Great Resumes Fast » Interviews » Is an Interview “No” Always the Last Word?

If you’ve ever been turned down for a job you desperately wanted, you know how disheartening that can be. You probably just want to walk away, go home, curl up in your bed, and pull the covers over your head. Before you do that, consider the possibility that you may just be able to change the hiring manager’s mind.

Robert Hellman is a career coach with Five O’clock Club, and a teacher at New York University. In Forbes magazine, Hellmann refers to his first client—a woman who was in line for a sales director position. She had three interviews, and thought she’d nailed the job. The final interview was with the company’s Executive VP, and it all fell to pieces when she asked the executive if he had any issues with her candidacy. It turned out he did; she had people skills, but not the data analysis experience the position would require.

Turning It Around

Hellman’s client left the interview in shock; she’d assumed the job was hers. Even after the door closes, though, it’s sometimes left open just a crack. Hellman advised her that even after you’ve blown it, you should still take time to write to your interviewer—not a “thanks for the interview” note, but what he refers to as an “influence letter.” In it you can describe how you’ve faced various job challenges. And at the same time, you can also do some damage control. Hellman’s client used the influence letter to ask for a set of data to analyze. The VP complied, albeit reluctantly, and three days later she sent him a complete analysis and a request for an appointment to discuss the results. At their next meeting, the VP was considerably more enthusiastic.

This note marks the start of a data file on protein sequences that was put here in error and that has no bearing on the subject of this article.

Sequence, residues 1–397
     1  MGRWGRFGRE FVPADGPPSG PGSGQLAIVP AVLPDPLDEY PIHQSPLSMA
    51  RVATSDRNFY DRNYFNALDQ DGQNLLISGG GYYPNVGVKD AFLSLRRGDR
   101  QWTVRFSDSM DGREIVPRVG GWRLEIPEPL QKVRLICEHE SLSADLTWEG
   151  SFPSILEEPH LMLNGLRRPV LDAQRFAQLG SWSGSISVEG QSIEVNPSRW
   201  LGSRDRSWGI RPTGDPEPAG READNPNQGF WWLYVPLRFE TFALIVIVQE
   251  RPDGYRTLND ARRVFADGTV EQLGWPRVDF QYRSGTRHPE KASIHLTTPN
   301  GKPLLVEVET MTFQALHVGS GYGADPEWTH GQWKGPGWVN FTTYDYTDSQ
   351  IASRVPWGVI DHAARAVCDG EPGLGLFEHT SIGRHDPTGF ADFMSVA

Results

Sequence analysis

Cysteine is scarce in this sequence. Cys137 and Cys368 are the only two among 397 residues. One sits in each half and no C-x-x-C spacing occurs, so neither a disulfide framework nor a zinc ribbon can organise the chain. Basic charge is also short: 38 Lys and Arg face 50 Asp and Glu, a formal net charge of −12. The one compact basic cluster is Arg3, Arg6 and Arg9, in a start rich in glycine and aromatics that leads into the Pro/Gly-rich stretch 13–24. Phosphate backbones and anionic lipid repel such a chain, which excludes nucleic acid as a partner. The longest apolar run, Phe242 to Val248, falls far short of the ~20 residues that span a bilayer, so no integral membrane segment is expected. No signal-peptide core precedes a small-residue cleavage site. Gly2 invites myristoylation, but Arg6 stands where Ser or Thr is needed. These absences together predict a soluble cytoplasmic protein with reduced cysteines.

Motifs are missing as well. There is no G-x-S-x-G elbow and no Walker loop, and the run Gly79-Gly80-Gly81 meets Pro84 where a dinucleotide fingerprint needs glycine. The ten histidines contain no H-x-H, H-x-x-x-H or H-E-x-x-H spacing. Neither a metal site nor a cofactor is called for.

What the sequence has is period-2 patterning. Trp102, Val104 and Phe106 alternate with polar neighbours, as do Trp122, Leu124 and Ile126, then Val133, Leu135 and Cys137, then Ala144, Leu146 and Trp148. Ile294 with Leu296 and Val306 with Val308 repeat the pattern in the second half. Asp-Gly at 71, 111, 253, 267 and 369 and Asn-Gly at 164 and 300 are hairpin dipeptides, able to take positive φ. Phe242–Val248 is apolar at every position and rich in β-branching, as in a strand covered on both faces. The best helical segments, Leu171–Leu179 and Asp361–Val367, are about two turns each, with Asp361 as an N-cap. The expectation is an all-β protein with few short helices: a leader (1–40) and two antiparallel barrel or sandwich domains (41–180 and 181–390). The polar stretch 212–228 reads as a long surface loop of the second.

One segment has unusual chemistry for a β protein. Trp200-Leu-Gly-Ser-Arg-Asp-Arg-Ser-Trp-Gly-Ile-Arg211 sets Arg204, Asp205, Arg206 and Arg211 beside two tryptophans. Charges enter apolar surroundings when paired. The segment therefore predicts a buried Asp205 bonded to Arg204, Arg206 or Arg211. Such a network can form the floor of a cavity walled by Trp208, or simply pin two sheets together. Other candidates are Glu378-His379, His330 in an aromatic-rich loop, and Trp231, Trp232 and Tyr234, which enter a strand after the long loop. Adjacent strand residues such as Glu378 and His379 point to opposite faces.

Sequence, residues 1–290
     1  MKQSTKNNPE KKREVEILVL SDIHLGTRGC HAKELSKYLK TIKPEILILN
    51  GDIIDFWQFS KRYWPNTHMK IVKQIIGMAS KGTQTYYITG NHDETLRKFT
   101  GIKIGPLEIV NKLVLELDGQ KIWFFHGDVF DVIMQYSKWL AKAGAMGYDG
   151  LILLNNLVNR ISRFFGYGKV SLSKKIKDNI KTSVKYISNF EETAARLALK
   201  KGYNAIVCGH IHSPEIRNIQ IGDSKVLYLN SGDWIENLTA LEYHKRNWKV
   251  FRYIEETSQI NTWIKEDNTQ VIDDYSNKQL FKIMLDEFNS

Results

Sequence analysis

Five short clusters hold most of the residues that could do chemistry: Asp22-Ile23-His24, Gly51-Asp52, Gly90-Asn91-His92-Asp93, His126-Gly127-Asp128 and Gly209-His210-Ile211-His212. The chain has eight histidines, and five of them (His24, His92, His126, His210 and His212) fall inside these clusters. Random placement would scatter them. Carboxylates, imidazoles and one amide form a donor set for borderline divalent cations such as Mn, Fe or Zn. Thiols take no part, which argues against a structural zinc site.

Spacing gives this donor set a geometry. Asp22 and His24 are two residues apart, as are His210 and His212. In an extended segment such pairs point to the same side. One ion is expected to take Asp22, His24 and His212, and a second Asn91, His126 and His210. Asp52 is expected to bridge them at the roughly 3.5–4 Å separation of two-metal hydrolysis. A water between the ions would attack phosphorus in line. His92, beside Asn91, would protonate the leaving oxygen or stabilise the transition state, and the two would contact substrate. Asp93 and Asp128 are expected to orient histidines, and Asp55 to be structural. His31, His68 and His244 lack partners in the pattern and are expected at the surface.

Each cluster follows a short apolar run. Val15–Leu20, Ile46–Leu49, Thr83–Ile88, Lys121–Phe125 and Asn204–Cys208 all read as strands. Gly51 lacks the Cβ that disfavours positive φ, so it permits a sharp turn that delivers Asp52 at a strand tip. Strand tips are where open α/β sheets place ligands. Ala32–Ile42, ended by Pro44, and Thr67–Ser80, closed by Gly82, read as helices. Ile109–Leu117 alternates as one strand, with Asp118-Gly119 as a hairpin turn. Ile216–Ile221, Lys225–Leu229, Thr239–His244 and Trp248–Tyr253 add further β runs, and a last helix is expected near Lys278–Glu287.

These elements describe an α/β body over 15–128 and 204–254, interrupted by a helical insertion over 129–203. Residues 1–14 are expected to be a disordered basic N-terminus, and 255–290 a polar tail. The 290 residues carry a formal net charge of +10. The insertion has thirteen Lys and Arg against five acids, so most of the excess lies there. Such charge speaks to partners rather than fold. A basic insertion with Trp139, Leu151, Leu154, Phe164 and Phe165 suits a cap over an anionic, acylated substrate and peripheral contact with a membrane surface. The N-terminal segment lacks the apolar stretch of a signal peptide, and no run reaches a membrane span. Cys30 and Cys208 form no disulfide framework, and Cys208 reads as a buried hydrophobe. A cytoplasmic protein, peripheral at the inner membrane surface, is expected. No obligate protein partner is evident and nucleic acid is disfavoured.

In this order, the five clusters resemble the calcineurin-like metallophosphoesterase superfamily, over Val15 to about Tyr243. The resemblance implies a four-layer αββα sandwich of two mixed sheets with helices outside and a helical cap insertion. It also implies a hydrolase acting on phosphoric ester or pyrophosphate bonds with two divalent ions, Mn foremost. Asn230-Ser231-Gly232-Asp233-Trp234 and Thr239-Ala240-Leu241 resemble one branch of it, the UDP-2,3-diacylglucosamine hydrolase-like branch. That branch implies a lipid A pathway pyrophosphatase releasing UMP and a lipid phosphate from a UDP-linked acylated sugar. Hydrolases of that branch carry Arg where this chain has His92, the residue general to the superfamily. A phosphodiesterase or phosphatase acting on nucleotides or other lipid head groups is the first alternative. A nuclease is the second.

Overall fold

There was, however, another candidate who was in the running, and had a bit of an edge. So, she went home and wrote another influence letter, describing specific examples from other jobs where she’d shown outstanding leadership and had motivated her team to excel and surpass sales goals.

The Outcome

Hellman’s candidate ended up getting the job. Granted, it’s not going to happen every time, but if you’ve blown an interview, don’t necessarily assume that all is lost. If you keep the channels of communication open, and take every opportunity to emphasize your skills, you may find that a “no” can turn into a “maybe,” and ultimately even a “yes.”

Has there been a time when you turned a “NO” around and into a “YES!” I’d love to hear about it please feel free to share it with me by commenting below or by connecting with me on LinkedIn.

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About the author

Jessica Hernandez, President, CEO & Founder of Great Resumes Fast

Hi, I’m Jessica. I started this company back in 2008 after more than a decade directing hiring practices at Fortune 500 companies.

What started as a side hustle (before that was even a word!) helping friends of friends with their resumes has now grown into a company that serves hundreds of happy clients a year. But the personal touch? I’ve kept that.

You might have seen me featured as a resume expert in publications like Forbes, Fast Company, and Fortune. And in 2020, I was honored to be named as a LinkedIn Top Voice of the year!

I’m so glad you’re here, and I can’t wait to help you find your next perfect-fit position!

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